It seems to happen earlier and earlier every year—I walk into a store and encounter the Christmas tree section. This year I came across a holiday display in September, and it certainly had an impact on me! I am already contemplating how my husband and I will spend the holidays and having some anticipatory anxiety as a result. If you, too, tend to struggle with anxiety and/or depression with the approach of Thanksgiving, Hanukah, Christmas, and New Years, read on. I’ve come up with some ways to emotionally survive and even thrive during this time of year.
Remember that it’s supposed to be about having fun!
This sounds like common sense, but many people feel a sense of obligation when it comes to holidays. They feel obliged to spend time with people whom they don’t like and/or they think they have to spend money they don’t have. The result is a memory bank full of unpleasantries and a new year starting out with debt instead of future goals and hopes. They go overboard on the preparation and experience anxiety and exhaustion as a result. This year, my husband and I will be getting away for Thanksgiving week, for a desert escape. Doing so means that we don’t have to make a decision about where and with whom to have turkey day dinner and we can focus instead on enjoying time together and with our friends who are also escaping from town.
Keep it simple!
The media blasts us with constant messages that we should do more and spend more in order to have a perfect holiday. The reality, though, is that the more we go overboard, the less pleasure we tend to get from the experience. I mostly enjoy a brief, but intense, holiday season of about two weeks. It all starts with a trip to a local tree farm to choose a perfect specimen. These two weeks are all about holiday music, baking, enjoying decorations, and getting together with friends and family. I sometimes send cards, but as far as gifts go, I keep it to a minimum and give gifts with meaning rather than hefty price tags.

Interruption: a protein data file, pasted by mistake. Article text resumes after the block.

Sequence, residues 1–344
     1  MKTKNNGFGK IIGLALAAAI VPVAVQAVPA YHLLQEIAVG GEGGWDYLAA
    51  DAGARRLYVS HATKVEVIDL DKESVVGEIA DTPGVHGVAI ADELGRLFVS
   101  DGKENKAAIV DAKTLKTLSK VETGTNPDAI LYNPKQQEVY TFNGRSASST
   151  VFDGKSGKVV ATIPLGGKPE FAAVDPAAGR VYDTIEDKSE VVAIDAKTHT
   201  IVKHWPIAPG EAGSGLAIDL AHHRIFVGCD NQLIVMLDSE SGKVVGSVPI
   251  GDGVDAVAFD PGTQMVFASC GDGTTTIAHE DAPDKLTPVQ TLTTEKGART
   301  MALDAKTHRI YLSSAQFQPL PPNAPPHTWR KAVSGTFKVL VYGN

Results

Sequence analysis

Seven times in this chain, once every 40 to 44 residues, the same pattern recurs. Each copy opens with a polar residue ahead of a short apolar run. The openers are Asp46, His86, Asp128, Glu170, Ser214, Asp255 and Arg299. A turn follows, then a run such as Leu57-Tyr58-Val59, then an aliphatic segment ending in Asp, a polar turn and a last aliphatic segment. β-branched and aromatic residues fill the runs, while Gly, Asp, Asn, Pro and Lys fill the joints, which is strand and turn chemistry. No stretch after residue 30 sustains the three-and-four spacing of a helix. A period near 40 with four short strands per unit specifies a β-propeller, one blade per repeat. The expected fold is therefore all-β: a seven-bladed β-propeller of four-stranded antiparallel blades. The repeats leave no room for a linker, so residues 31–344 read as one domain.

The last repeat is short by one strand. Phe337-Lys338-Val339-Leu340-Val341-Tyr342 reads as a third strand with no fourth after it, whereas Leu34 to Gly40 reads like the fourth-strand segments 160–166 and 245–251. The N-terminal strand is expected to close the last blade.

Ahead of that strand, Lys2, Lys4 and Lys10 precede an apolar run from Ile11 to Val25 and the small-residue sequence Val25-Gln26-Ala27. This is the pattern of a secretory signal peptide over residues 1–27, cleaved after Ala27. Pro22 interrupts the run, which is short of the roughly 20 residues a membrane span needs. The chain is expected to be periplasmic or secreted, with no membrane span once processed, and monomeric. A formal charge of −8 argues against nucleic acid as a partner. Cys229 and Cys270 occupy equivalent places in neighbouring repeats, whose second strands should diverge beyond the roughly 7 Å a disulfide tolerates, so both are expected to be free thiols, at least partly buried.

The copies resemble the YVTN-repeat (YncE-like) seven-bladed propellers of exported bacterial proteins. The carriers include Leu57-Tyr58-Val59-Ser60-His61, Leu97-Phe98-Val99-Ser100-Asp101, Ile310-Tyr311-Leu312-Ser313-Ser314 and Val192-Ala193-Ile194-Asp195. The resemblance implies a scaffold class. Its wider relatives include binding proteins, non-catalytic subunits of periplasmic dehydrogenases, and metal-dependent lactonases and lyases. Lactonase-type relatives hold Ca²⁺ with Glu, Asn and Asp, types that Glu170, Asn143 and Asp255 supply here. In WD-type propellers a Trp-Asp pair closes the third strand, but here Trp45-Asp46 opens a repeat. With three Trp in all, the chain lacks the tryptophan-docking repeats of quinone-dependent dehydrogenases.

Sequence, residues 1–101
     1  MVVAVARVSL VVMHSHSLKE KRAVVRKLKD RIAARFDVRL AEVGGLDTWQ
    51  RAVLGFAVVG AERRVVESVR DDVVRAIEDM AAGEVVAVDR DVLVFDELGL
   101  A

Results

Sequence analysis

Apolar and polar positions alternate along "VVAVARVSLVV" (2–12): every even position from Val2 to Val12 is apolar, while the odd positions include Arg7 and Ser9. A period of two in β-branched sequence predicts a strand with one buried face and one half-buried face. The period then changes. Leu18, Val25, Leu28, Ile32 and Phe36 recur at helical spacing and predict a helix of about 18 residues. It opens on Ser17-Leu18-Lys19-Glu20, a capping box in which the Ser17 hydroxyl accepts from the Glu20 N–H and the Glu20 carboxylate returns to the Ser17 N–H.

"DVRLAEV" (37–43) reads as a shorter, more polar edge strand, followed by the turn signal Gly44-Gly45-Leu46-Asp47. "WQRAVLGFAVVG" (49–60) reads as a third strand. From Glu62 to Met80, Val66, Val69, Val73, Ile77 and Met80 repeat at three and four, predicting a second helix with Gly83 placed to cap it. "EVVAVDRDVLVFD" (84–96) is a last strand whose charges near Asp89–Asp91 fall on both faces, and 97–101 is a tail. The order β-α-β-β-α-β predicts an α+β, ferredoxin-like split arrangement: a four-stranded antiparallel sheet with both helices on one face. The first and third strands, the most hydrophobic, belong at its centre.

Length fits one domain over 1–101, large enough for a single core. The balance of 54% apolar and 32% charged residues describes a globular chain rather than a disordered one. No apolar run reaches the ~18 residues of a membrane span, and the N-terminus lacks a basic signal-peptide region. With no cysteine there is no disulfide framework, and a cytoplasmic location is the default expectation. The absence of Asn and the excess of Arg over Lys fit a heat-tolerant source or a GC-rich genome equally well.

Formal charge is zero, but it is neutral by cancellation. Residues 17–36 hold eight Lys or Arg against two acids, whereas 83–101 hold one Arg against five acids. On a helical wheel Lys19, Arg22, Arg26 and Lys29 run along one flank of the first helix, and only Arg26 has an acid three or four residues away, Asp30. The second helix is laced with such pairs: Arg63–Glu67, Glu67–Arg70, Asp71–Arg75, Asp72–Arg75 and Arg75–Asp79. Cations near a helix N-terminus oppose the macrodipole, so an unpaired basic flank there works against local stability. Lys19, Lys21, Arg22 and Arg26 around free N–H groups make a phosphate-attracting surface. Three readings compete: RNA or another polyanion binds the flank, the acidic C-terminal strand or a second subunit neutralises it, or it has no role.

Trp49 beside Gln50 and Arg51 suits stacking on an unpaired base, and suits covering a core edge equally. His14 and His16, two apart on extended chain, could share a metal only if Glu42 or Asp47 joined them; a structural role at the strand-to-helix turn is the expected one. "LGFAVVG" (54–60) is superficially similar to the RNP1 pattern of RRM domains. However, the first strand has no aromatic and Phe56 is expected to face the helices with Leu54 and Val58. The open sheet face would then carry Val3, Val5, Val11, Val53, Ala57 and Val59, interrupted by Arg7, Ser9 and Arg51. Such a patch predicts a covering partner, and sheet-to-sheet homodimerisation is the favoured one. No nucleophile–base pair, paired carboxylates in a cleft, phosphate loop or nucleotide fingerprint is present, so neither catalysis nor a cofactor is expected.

Make a plan, and stick to it!
Many people start out well, with a careful list of gift items, special foods, and people to invite, and then they find themselves feeling tempted to add just one more item, one more person. Before they know it, they’re feeling overextended, resentful, and exhausted. Go out early, before the stores are crowded, with a list of people you intend to shop for, and do your best to check off those names early, before everyone else is there feeling frantic. Do your shopping online by the fire with a cup of hot cider. Make handmade truffles or other treats to share rather than gifts from the mall. I sometimes enjoy going to the mall to watch everyone else shopping, to see the beautiful decorations and listen to holiday sounds, while not spending a cent.
Decide today to make this the holiday that turned out to be just the way you wanted—one filled with warmth, tradition, and wonderful memories.
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